ISA guide: everything you need to know for the 2024/25 tax year

In our ISA guide, we explain everything you need to know about ISAs: how they work, how much you can pay in, what investments you can hold, and how to transfer one.

ISA guide: a 3D abstract background of piggy banks
(Image credit: Eugene Mymrin)

Whether it’s saving for your retirement, children, a first home, or simply for a rainy day, ISAs (individual savings accounts) are a tax-efficient way to help you achieve your financial goals. We look at how they work in our ISA guide.

There are six types: cash ISAs, stocks and shares, junior ISAs, innovative finance, lifetime, and help to buy.

While ISAs are a great way to protect your money from the taxman - and some even come with free cash from the government to encourage you to save - there are a few rules to be aware of.

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One of the main ones is the annual allowance. You can currently save a total of £20,000 across all your adult ISAs each tax year. So, you could save £5,000 in a cash ISA and £15,000 in a stocks and shares ISA. Note that this is a maximum threshold, so you could also just save £2,000 in a lifetime ISA, and that’s it for the tax year.

Junior ISAs have a separate £9,000 annual allowance, and you also need to be mindful of additional limits on lifetime ISAs and help to buy ISAs. Bear in mind these allowances are all “use it or lose it” - any unused allowances will not roll over into the tax year.

Plus, with the recent ISA changes kicked in this month, it's a good time to scrub up on how to make the most of your £20,000 allowance.

We explain how the limits work, and run through everything else you need to know about ISAs, from what sort of investments you can hold to how to transfer an ISA.

Cash ISAs

A cash ISA is essentially a savings account where you pay in money and earn interest on your savings. The key difference is that unlike a conventional savings account, a cash ISA is tax-free, so regardless of how much you earn, you won’t pay a penny in tax.

There are several different cash ISAs to choose from. An easy-access ISA is a useful home for your emergency savings pot, as these allow you to withdraw money when you need it without incurring a penalty - although some may restrict the number of withdrawals so do check.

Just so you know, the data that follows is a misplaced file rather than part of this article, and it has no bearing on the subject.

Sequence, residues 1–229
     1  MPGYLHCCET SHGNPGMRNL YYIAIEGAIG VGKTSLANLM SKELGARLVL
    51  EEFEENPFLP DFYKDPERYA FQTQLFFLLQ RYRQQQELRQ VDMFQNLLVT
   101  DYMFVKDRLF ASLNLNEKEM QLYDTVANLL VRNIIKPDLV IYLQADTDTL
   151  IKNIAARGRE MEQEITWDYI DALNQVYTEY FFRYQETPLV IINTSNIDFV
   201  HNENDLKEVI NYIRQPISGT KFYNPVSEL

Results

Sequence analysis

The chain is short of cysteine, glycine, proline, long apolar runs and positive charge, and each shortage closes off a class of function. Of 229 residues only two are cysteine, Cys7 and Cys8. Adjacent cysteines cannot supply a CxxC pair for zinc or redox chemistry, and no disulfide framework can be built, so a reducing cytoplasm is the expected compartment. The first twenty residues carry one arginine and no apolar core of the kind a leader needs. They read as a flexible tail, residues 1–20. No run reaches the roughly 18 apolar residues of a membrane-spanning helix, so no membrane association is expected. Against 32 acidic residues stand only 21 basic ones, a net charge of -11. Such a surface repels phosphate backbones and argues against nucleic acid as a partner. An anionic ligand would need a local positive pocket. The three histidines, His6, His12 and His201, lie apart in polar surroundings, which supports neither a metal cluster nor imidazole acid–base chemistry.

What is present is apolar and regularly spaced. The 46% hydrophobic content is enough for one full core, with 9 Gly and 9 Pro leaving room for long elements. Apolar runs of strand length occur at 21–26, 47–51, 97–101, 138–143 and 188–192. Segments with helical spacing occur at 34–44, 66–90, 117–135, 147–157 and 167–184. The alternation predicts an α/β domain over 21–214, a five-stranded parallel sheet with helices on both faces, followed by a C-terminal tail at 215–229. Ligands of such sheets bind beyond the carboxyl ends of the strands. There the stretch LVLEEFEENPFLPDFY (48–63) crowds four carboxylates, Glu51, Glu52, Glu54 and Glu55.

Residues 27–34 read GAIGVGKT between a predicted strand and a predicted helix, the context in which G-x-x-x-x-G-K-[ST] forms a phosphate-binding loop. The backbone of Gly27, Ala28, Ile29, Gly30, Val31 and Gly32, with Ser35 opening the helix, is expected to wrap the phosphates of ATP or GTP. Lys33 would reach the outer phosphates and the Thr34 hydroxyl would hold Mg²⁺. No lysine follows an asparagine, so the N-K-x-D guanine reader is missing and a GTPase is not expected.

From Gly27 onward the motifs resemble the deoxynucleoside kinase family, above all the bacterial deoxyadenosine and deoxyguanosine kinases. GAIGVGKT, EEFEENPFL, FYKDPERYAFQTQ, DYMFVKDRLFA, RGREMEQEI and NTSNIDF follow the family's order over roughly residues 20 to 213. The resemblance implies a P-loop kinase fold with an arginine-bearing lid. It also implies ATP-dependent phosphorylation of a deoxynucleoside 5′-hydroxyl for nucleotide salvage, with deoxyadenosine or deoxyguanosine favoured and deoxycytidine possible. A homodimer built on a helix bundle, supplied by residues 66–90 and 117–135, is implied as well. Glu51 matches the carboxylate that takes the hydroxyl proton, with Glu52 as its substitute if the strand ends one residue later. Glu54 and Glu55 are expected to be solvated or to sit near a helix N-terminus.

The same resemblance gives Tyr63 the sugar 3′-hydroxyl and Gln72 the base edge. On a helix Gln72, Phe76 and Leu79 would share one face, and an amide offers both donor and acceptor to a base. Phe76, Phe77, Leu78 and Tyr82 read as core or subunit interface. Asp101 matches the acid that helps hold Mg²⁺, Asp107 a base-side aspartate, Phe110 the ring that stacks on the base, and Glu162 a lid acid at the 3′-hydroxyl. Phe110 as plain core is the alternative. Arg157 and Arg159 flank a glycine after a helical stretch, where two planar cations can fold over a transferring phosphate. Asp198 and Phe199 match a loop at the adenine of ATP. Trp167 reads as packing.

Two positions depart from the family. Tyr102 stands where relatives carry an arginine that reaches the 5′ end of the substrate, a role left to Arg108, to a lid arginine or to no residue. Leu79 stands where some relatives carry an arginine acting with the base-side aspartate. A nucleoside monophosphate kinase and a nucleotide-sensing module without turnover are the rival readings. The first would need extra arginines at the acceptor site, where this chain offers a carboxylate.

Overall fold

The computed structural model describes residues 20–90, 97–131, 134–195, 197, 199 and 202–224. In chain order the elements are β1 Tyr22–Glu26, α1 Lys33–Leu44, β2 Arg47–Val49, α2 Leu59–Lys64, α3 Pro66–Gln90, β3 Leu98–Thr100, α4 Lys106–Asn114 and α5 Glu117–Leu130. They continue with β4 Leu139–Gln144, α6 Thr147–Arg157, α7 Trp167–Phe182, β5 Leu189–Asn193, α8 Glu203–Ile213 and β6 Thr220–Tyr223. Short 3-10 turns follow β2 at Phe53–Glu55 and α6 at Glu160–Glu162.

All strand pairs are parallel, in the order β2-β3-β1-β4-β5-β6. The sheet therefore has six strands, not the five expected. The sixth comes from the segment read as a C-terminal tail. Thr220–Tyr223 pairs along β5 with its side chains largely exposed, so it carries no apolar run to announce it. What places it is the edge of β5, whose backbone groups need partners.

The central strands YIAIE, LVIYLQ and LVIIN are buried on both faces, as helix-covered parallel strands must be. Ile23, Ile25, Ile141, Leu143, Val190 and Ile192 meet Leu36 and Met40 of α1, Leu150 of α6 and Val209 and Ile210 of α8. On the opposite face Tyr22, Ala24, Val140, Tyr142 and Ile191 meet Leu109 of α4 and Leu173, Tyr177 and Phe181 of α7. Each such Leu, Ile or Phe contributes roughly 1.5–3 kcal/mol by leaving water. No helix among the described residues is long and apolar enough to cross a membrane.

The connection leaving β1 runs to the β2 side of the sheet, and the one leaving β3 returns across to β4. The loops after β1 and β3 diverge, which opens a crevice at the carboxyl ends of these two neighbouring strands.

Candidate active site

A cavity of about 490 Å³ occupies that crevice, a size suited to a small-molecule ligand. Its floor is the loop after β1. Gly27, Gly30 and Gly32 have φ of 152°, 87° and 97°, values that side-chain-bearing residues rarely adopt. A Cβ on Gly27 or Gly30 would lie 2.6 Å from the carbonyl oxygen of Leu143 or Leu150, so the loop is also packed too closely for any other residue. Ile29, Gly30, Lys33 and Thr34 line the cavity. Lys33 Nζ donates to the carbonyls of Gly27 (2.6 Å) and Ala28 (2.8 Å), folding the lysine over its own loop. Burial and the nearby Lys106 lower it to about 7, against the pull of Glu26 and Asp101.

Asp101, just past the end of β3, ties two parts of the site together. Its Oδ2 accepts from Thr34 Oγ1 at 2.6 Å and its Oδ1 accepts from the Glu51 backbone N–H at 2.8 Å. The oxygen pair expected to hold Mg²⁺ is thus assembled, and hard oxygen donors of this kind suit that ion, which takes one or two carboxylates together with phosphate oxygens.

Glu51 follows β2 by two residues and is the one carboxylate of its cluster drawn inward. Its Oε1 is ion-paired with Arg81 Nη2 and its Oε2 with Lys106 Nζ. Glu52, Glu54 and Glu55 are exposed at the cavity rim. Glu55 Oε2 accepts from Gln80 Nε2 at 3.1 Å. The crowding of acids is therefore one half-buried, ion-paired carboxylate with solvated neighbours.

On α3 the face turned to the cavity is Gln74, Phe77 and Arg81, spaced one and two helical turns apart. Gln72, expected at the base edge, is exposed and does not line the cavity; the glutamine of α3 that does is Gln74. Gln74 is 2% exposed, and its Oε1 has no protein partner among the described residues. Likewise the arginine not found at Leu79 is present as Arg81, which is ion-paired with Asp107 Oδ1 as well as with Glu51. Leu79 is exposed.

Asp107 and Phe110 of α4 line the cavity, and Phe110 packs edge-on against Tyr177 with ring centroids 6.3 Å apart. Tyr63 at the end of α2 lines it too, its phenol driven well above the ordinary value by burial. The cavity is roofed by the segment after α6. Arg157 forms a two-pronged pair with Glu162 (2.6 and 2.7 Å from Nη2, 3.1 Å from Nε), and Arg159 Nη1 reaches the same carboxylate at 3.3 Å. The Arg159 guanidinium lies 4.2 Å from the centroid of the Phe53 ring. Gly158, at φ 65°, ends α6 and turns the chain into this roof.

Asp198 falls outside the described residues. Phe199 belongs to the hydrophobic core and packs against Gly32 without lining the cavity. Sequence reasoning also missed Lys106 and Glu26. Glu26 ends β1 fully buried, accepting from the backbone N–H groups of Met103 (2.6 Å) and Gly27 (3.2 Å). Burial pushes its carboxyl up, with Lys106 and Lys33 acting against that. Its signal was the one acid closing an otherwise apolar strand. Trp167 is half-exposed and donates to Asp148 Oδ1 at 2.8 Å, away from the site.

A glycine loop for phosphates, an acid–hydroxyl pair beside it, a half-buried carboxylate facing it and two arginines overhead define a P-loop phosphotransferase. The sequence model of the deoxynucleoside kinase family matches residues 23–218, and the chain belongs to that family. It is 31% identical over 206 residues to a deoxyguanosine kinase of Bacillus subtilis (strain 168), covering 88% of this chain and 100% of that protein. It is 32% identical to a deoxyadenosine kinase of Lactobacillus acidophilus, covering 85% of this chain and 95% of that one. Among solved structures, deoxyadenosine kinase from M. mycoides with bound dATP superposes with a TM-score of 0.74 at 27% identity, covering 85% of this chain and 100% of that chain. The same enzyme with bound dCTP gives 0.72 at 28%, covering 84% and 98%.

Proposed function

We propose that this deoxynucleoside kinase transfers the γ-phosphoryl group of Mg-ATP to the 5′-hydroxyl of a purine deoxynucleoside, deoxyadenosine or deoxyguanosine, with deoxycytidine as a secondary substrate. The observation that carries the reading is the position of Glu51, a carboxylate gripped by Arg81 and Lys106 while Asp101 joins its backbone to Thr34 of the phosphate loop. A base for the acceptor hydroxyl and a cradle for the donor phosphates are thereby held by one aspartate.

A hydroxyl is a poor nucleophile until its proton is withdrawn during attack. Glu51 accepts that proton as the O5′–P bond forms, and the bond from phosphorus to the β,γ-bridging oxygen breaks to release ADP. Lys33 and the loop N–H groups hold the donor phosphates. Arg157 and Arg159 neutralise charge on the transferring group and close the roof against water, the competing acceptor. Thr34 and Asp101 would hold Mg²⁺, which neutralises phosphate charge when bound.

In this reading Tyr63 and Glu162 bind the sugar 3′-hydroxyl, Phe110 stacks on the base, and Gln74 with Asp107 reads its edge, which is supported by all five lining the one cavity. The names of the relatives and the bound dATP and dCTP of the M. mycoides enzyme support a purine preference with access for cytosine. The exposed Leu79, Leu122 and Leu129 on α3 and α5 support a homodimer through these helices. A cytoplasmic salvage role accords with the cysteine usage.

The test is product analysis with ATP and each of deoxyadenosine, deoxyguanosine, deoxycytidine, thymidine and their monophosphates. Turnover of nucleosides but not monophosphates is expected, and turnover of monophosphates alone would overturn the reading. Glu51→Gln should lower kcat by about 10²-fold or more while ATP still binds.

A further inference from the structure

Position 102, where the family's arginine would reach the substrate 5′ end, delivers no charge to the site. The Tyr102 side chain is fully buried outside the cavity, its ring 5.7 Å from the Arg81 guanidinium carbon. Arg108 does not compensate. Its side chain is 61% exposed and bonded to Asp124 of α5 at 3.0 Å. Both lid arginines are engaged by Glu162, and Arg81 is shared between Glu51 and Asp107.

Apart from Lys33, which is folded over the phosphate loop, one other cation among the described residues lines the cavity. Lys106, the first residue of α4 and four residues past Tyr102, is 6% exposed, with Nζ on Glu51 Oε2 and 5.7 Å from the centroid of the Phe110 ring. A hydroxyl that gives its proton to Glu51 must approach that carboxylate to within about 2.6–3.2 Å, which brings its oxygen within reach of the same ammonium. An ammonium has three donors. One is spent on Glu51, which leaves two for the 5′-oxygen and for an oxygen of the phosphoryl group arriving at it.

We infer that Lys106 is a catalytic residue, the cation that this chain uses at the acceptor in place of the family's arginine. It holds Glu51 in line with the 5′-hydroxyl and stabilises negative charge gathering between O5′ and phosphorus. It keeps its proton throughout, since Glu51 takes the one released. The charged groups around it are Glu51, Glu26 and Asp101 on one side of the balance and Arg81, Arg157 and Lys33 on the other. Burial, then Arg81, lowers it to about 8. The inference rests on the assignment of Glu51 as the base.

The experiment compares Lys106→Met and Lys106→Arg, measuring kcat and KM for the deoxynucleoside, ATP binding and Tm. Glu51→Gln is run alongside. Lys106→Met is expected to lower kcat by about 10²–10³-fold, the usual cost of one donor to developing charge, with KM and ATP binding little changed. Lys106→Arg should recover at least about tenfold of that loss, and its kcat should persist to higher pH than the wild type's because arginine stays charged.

Fixed-term ISAs pay a certain interest rate over a set period of time, typically one to five years, much like a savings bond. They tend to offer higher rates than easy-access ISAs, but in exchange, you have to lock your money up.

Flexible cash ISAs allow you to take money out and replace it during the same tax year, without that amount being deducted from your allowance. For example, you could pay in £20,000, then withdraw £5,000, and a flexible ISA would allow you to pay the £5,000 back in during the same tax year. Not all cash ISAs offer this “flexible” status, so check with the bank or building society.

As previously noted, the total you can pay into adult ISAs per tax year is £20,000. So, you could contribute a maximum of £20,000 to a cash ISA. Or you could, say, contribute £10,000 to a cash ISA, £7,000 to a stocks and shares ISA, and £3,000 to a lifetime ISA.

Another rule to be aware of that has only just come into effect is you can hold multiple ISA subscriptions within the £20,000 allowance. Before 6 April, you could only hold one cash ISA and one stocks and shares ISA per tax year. Now, you can hold multiple of the same type of ISA within the same year.

In terms of transferring an ISA, you’re free to move a cash ISA to one that pays a better interest rate without affecting this year's allowance - as long as you fill out the correct transfer forms. Contact the ISA provider you want to move to and complete the transfer form. If you withdraw the money without doing this, you will not be able to reinvest that part of your tax-free allowance again. If you want to move money you’ve invested in an ISA during the current year, you must transfer all of it.

Cash ISA transfers should take no longer than 15 working days, according to government rules. You’re also free to move to a different type of ISA, such as from cash to stocks and shares, or say, from innovative finance to cash.

Stocks and shares ISAs

Stocks and shares ISAs, also known as investment ISAs, allow savers to invest in a broad range of assets. Any investment gains you make will not be subject to capital gains tax, income tax or dividend tax. The only tax you may have to pay is stamp duty when buying shares.

The best way to think of a stocks and shares ISA is an investment account with a tax-efficient wrapper around it. Like a general investment account, you can buy everything from shares to bonds to property in the form of real-estate investment trusts (Reits), plus open-ended funds (Oeics) and exchange-traded funds (ETFs).